The Mandalorian is gradually hinting at a possible future for Grogu that may be considered an improved version of Rey’s adoption of the Skywalker name in Star Wars: The Rise of Skywalker. Like Rey, Grogu has emerged as a core figure in the Star Wars universe. Not only are they both Force-users, but their presence holds great weight in recent canon entries.
In The Book of Boba Fett season 1, Luke Skywalker (Mark Hamill) gives Grogu an ultimatum: the choice of returning to his adopted father, Din Djarin (Pedro Pascal) and ending his training as a Jedi or continuing his training but never seeing the Mandalorian again. His subsequent decision to end his training echoes and inverts the final scenes of The Rise of Skywalker. At the Lars homestead on Tatooine, Rey (Daisy Ridley) chooses to adopt the name Skywalker, turning her back on her genetic lineage as the granddaughter of Emperor Palpatine to honor her mentors, the Skywalker siblings, Luke and Leia (Carrie Fisher), instead.
The significance of these character choices may signal something important for Grogu and in the understanding of who the title character of The Mandalorian might actually be. As such, Rey’s choice at the end of The Rise of Skywalker should not be viewed as mere fan service. Despite its flawed execution, Rey Skywalker is the only good ending for the Skywalker saga, partly because it offered a logical story and character choice based on using the Skywalker name as an honorific title. The title of “The Mandalorian” may also be viewed like this, and by choosing to be a Mandalorian, it is possible that Grogu could eventually be revealed as the real title character of the Disney+ series.
Throughout its first two seasons, The Mandalorian backs Din Djarin’s claim that “Mandalorian isn’t a race, it’s a creed.” Bo Katan Kryze, the Armorer, and Boba Fett underline that, aside from an arsenal of weapons, being Mandalorian is not easily defined. Choosing to be Mandalorian is what they all share, and this is the same choice Grogu makes. Of course, being a Mandalorian and possessing the near-mythic title of “The Mandalorian” are not the same. The obvious assumption is that this will be the Mandalorian, who currently struggles to wield the Darksaber, Din Djarin. However, this may be misdirection. Grogu now possesses beskar armor and is arguably the main narrative focus throughout both seasons, appearing in all but one episode, while his growth and development directly impact Din Djarin’s character arc. In addition, reuniting the characters before the start of Season 3 suggests that Grogu will remain the major focus of The Mandalorian in future seasons.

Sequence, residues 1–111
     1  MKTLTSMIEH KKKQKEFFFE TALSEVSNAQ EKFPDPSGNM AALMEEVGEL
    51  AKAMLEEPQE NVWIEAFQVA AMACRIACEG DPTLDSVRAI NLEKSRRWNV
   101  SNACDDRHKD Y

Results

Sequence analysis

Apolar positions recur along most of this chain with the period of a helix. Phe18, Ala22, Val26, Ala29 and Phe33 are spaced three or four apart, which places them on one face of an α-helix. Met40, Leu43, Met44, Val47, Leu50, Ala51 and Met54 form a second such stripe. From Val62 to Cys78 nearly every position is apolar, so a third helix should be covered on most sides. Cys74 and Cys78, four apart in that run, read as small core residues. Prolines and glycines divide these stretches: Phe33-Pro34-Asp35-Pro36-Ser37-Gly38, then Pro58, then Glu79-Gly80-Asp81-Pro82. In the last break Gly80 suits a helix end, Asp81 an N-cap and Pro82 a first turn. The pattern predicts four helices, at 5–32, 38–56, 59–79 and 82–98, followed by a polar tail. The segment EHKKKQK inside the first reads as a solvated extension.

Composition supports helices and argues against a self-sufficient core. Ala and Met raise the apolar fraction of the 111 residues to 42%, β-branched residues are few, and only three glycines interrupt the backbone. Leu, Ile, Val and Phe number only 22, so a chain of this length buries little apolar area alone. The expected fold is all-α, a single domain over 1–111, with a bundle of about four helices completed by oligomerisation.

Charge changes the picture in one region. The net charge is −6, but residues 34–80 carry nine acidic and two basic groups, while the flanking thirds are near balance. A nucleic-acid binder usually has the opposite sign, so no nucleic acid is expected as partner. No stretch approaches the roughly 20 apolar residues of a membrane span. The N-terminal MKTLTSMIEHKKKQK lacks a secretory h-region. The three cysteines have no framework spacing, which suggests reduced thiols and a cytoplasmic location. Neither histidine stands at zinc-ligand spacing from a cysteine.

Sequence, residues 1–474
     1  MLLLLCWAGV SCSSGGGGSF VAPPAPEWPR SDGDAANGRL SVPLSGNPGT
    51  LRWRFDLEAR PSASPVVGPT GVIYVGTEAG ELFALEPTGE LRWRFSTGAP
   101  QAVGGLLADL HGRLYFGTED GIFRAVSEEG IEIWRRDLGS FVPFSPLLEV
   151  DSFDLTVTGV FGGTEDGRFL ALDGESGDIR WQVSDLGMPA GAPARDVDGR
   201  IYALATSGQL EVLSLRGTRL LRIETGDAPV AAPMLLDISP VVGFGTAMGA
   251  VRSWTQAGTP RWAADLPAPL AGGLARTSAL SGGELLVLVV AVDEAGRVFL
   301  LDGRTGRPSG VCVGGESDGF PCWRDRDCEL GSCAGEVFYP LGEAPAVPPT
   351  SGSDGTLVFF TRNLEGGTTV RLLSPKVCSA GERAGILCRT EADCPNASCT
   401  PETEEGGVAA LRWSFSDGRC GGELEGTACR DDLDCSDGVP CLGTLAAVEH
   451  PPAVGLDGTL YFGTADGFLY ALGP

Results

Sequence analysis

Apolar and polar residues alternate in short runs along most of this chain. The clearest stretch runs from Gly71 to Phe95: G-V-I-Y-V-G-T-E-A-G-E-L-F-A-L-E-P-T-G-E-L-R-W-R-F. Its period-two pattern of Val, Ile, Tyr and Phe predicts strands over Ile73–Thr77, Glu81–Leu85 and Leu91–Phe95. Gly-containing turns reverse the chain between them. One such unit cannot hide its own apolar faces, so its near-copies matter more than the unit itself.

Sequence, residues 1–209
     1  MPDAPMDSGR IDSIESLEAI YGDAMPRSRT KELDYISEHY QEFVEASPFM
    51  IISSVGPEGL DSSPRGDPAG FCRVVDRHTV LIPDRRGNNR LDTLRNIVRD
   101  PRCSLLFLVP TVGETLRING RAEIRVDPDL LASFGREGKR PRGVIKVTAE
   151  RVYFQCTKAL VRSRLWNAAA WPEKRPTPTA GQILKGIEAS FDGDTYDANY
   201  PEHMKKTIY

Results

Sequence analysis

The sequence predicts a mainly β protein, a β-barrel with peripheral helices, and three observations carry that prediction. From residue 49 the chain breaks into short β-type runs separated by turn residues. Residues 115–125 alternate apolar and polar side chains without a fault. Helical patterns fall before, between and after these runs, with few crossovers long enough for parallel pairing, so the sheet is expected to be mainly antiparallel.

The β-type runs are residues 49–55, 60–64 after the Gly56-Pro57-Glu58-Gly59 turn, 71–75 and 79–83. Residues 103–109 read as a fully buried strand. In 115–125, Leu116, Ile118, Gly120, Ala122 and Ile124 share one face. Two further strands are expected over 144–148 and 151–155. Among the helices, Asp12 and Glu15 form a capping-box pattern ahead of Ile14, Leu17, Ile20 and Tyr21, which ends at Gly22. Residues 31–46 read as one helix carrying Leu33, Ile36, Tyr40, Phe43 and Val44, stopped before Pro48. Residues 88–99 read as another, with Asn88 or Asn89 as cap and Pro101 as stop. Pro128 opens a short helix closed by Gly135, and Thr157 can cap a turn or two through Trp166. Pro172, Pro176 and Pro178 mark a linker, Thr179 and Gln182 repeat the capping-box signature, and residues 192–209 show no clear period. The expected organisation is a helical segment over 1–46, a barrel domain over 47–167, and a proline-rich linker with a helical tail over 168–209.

There remains a distinct advantage to The Mandalorian adopting this narrative path for Grogu compared to Rey choosing the name Skywalker. This is because the setup in The Rise of Skywalker feels rushed and careless, meaning it is easy to assume it is nothing more than fan service. This is a shame because the final scene is designed to show respect for the Skywalker name and all that it conveys. The similarities between Rey and Anakin Skywalker are only one reason for this. More significantly, “Skywalker” can be used as a symbol to represent several different things, whether it’s honoring Rey’s mentors, the possibility of redemption, or the idea that anyone can be a hero. If The Mandalorian is doing something similar, with Grogu becoming “The Mandalorian,” the TV show format should allow a greater amount of screen time to reveal the truth and provide a more satisfying reveal.
That is for the future, though. Expectations may not be subverted in this way, and Din Djarin may still turn out to be The Mandalorian of the title while Grogu may only be the second Mandalorian Jedi. In many ways, the key element of the Rey Skywalker reveal has already taken place. Like Rey, Grogu chooses where he feels he belongs, and it will ultimately be up to him to decide what that means for his future.